• Jamile Wenske

    Jamila Wenske Leaves One Two Films to Head Achtung Panda! in Berlin

    German producer Jamila Wenske has left One Two Films to head Achtung Panda!, a Berlin-based film production company. Wenske succeeds former managing director Helge Albers, who left Achtung Panda! to become the new CEO of regional funder Filmförderung Hamburg Schleswig-Holstein. Wenske partnered with Sol Bondy and Christoph Lange to launch One Two Films in 2010. [...]

  • Tuva-Novotny

    Tuva Novotny Questions Monogamy in 'Diorama' Pic (EXCLUSIVE)

    HAUGESUND, Norway  — Actress-turned-helmer Tuva Novotny thrives on big challenges. Her feature debut “Blindspot,” Norway’s entry for the 2019 Nordic Council Prize, was shot in real-time in one take and illuminates mental health issues. Her sophomore mainstream Swedish pic “Britt Marie Was Here” –slated for a Sept. 20 U.S. release via Cohen Media Group –  [...]

  • Seizure

    Writer Megan Gallagher On Her Viaplay Supernatural Nordic-Noir 'Seizure'

    With outposts in Copenhagen, Stockholm and Oslo, Miso Film has become one of the most influential film and TV outfits in Scandinavia. On August 19, the company’s Norwegian arm lifted the curtain on its series venture, the supernatural police drama “Seizure” by premiering the show’s first two episodes at the Haugesund Film Festival ahead of [...]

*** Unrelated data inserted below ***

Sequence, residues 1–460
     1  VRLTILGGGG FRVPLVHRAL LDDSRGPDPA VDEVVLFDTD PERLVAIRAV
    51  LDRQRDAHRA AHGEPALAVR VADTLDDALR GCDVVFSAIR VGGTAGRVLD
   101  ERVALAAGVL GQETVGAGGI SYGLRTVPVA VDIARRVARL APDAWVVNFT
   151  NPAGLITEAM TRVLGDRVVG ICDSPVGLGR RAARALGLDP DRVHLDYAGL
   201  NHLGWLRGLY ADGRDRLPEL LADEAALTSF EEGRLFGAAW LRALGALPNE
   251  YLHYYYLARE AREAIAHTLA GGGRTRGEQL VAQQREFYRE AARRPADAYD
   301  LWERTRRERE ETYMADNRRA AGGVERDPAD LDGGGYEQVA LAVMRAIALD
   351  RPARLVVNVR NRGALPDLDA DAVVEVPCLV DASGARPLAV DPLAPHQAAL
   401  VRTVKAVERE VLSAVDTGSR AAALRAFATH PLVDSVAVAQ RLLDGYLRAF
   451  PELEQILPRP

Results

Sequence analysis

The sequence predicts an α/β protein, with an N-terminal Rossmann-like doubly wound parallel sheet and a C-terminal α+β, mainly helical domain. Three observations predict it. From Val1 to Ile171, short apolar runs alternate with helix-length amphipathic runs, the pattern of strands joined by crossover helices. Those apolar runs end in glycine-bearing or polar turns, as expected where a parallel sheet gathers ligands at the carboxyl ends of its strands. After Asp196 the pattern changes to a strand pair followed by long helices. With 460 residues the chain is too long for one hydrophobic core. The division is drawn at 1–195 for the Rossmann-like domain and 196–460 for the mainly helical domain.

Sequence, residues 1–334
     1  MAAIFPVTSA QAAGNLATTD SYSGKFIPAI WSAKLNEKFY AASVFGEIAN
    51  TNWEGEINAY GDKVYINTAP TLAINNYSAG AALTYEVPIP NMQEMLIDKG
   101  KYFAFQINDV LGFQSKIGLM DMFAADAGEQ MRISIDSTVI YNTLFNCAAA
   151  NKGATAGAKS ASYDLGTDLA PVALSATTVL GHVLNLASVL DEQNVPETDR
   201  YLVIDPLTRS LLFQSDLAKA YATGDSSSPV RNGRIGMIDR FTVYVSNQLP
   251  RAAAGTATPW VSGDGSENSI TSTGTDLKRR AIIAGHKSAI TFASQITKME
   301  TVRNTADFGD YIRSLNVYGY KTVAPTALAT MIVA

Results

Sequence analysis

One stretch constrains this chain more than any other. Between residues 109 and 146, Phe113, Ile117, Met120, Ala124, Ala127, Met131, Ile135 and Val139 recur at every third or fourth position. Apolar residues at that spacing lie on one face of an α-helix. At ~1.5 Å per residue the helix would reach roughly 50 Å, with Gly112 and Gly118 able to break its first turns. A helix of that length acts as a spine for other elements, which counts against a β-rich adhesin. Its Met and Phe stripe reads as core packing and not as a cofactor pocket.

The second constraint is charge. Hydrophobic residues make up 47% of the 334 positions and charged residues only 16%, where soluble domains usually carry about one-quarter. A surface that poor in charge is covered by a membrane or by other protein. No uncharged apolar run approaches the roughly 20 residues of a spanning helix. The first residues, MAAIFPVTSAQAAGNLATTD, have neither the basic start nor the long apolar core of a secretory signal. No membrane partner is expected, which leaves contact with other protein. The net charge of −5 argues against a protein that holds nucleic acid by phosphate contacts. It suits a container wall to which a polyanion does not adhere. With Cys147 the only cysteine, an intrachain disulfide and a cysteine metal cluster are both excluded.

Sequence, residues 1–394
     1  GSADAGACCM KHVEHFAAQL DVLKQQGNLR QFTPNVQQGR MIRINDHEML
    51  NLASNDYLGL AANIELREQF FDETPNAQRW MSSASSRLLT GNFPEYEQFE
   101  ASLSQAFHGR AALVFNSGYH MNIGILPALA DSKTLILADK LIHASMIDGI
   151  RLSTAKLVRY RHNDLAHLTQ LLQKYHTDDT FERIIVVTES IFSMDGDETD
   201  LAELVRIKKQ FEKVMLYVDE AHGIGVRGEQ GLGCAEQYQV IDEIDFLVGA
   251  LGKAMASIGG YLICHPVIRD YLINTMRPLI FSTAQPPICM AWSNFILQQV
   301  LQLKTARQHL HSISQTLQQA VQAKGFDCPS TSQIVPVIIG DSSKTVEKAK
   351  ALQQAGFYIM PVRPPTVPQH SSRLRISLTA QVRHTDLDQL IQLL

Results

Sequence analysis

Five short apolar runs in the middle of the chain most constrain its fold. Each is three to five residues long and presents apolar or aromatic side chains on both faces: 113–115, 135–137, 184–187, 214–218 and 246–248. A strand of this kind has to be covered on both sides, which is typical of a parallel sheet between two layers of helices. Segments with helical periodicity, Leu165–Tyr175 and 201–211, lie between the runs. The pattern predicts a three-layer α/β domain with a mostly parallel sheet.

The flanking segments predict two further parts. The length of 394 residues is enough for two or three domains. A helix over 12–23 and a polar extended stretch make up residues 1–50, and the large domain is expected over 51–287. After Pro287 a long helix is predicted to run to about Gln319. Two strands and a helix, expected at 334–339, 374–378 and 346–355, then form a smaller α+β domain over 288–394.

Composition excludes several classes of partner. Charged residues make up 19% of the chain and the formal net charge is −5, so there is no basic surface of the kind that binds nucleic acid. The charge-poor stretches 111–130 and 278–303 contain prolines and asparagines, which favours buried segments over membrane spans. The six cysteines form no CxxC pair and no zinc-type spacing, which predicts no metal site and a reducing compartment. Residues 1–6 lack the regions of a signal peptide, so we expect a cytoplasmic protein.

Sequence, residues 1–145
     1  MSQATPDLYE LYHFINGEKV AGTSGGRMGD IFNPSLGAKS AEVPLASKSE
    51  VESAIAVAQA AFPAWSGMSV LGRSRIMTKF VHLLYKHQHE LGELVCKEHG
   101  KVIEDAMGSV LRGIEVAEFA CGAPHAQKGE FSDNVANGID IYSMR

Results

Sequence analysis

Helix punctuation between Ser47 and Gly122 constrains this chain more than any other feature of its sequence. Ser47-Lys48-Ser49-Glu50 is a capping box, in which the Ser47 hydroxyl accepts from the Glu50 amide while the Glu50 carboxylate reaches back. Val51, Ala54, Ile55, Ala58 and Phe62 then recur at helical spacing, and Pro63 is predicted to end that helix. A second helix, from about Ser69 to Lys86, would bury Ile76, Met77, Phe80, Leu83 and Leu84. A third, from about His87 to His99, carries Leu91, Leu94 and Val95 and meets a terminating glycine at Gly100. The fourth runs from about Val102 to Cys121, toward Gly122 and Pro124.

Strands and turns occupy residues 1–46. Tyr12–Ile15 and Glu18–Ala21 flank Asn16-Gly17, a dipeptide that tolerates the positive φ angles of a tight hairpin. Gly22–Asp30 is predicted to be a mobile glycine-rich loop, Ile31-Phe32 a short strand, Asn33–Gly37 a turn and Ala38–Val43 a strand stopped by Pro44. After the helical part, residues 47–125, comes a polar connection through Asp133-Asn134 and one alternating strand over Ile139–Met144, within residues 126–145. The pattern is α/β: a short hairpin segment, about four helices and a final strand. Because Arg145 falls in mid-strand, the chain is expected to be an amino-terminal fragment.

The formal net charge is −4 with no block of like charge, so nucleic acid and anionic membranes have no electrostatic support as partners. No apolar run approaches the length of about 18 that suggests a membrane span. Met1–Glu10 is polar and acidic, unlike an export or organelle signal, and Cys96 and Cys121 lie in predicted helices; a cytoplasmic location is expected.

• Thoma-Robsahm

    World Partners Board “a-ha The Movie” as Helmer Tells It All (EXCLUSIVE)

    HAUGESUND, Norway  — Pitched at Haugesund’s New Nordic Films confab, Thomas Robsahm and Aslaug Holm’s doc “a-ha -The Movie” won’t hit screens before November 2020, but an array of new production and distribution partners have already boarded the project. Clementina Hegewisch of Neue Impuls and Matthias Greving of Kinescope Film in Germany are now co-producing [...]

More From Our Brands

Access exclusive content